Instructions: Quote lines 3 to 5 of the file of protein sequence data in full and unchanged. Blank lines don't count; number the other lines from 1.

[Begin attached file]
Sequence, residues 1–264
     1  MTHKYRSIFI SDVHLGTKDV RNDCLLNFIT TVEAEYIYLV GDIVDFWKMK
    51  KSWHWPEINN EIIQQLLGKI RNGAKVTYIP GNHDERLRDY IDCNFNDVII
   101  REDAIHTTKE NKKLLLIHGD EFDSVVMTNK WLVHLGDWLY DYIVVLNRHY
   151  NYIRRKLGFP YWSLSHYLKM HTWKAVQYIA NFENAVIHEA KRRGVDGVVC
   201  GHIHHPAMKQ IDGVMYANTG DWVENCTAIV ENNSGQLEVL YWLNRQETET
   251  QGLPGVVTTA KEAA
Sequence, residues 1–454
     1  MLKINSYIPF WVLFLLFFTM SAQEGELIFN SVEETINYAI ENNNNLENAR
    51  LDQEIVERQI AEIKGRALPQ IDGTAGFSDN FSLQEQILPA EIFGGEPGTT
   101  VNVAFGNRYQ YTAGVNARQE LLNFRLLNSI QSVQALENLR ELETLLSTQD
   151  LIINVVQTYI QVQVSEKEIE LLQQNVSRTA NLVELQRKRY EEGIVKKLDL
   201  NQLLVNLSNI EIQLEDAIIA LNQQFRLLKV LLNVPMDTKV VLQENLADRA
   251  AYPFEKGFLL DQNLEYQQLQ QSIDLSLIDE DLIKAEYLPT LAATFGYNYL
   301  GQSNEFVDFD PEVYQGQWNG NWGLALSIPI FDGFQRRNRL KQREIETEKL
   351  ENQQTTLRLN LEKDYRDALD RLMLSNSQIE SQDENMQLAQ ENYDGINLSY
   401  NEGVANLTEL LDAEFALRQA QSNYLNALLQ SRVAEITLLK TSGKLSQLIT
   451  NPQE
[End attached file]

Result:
    51  KSWHWPEINN EIIQQLLGKI RNGAKVTYIP GNHDERLRDY IDCNFNDVII
   101  REDAIHTTKE NKKLLLIHGD EFDSVVMTNK WLVHLGDWLY DYIVVLNRHY
   151  NYIRRKLGFP YWSLSHYLKM HTWKAVQYIA NFENAVIHEA KRRGVDGVVC